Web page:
Fifteen volunteers were sworn in as child advocates by a juvenile court judge Thursday at the Stamford courthouse, a milestone for the agency that provides southwestern Connecticut's courts with representatives to look after the interests of abused and neglected children.
The swearing-in of the group by Judge Kevin Randolph illustrates the Child Advocates of SW Connecticut's ability to bring a nationally recognized standard to the development of its volunteers, the organization's executive director, Stacey Sobel, said.
A total of 18 volunteers -- three were unable to make the ceremony -- are the organization's first class of trainees to be sworn in as advocates since the Norwalk-based nonprofit was made a provisional member of the National Court Appointed Special Advocates for Children. CASA is the premier organization that serves the needs of abused or neglected children nationwide.
"This marks the completion of their training and their ability to accept cases on behalf of abused and neglected children in the courts system," Sobel said.
The carefully screened and diverse group of women, among them attorneys, professional businesswomen and stay-at-home moms, had more than 35 hours of training and attended classes for five weeks, Sobel said.
Former clinical social worker Rosemary Contreras, 55, of Darien, said her three children are now out of high school and she wanted to help.
"I feel there are a lot of children who could use an advocate and who could use somebody to speak up for them and advocate for the things they need, the very basic things they need, like food and shelter and a safe environment," Contreras said.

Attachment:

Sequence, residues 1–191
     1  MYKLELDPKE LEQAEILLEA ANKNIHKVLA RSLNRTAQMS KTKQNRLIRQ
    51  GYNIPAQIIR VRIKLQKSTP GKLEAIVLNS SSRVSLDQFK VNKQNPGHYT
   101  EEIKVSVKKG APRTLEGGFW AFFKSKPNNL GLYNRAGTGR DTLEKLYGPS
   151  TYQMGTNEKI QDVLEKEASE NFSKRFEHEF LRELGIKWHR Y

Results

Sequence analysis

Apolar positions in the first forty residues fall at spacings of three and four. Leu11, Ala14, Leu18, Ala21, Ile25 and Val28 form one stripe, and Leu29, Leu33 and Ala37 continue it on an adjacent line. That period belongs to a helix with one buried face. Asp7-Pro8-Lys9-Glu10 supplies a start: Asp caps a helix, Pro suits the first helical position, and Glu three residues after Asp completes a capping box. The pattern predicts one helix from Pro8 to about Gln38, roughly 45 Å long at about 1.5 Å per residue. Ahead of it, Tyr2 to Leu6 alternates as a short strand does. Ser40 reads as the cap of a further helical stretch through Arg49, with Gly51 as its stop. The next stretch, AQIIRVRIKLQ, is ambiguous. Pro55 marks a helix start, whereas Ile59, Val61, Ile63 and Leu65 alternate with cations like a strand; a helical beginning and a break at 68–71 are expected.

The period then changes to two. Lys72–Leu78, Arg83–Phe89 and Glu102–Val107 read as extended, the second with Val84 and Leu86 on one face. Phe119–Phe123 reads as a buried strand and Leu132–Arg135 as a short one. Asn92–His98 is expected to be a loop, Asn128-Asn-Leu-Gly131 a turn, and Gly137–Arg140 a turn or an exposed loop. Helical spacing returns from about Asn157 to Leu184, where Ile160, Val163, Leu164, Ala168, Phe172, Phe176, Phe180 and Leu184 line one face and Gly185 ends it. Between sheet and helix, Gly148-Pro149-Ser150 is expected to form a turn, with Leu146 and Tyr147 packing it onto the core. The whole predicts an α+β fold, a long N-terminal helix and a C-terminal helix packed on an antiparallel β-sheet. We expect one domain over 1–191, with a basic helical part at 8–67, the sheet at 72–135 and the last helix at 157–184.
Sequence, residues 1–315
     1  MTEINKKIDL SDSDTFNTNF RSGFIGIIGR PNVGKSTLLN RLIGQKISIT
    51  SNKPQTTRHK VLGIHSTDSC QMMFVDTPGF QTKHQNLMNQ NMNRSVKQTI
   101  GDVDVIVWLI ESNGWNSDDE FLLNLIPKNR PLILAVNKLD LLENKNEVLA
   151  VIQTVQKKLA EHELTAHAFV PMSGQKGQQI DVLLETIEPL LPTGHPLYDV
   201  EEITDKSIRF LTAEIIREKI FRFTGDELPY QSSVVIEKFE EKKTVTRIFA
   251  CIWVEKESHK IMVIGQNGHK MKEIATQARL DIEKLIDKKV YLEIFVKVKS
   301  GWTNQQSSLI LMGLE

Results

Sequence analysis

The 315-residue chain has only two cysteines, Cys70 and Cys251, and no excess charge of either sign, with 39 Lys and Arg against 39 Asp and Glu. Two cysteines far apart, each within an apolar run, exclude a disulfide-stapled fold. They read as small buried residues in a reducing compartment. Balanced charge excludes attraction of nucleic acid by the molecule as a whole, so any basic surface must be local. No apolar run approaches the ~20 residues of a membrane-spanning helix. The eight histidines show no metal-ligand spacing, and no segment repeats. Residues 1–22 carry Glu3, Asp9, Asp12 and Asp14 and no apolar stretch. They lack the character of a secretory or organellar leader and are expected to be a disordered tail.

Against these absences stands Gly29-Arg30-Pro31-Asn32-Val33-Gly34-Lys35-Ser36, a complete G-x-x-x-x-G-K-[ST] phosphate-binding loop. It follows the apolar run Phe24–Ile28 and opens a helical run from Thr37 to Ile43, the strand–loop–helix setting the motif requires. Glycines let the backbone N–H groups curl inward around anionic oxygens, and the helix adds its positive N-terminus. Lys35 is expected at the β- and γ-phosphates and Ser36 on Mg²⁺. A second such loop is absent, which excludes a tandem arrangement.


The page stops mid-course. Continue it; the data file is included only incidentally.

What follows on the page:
Trish DePhillips, 56, of Stamford, owns a construction firm and says she has a special place in her heart for children after teaching nursery school for five years and raising four sons.
"When working in nursery school with a diverse group of children, you see the ones that are neglected a little more than the others and I went towards those children, just to get them a little extra TLC, if they weren't getting that at home," she said.
DePhillips said she volunteers at Stamford Hospital, but she was looking for somewhere else to make a difference. She came across the program and figured it would be something interesting to do.
"It was great, because when I did go through the course, I found that somebody else can be a voice for those children, that they might not have a voice for some reason, whether it's because of fear or situations or stress," DePhillips said. "I have been a wonderful mother to my sons, and I have always loved them unconditionally, and that is not always the case with these children. And it was something important for me to do, something fulfilling and satisfying."
Interior designer and stay-at-home mom Janet Rubel, 57, of Westport said, "This is my time to give back to society. My three children are all grown up, the last one is in college ... I have some time. Yes, I am a busy woman, but I feel we have to give back to society. If I can make one child's life a better life, then I have made this world a better place, and that is the real reason I am doing this."
The advocates will work at the Stamford and Danbury courthouses, helping children from 16 towns. Sobel said the agency has helped more than 150 children since it was founded in 2010. It has trained about 100 volunteers, and has 65 actively working on cases.
"There are all kinds of outcomes, not always happy," Sobel said. "The cases are very, very difficult, and the volunteer work is unlike any other volunteer work that you might think. This is really, really complicated, heart-wrenching volunteer work."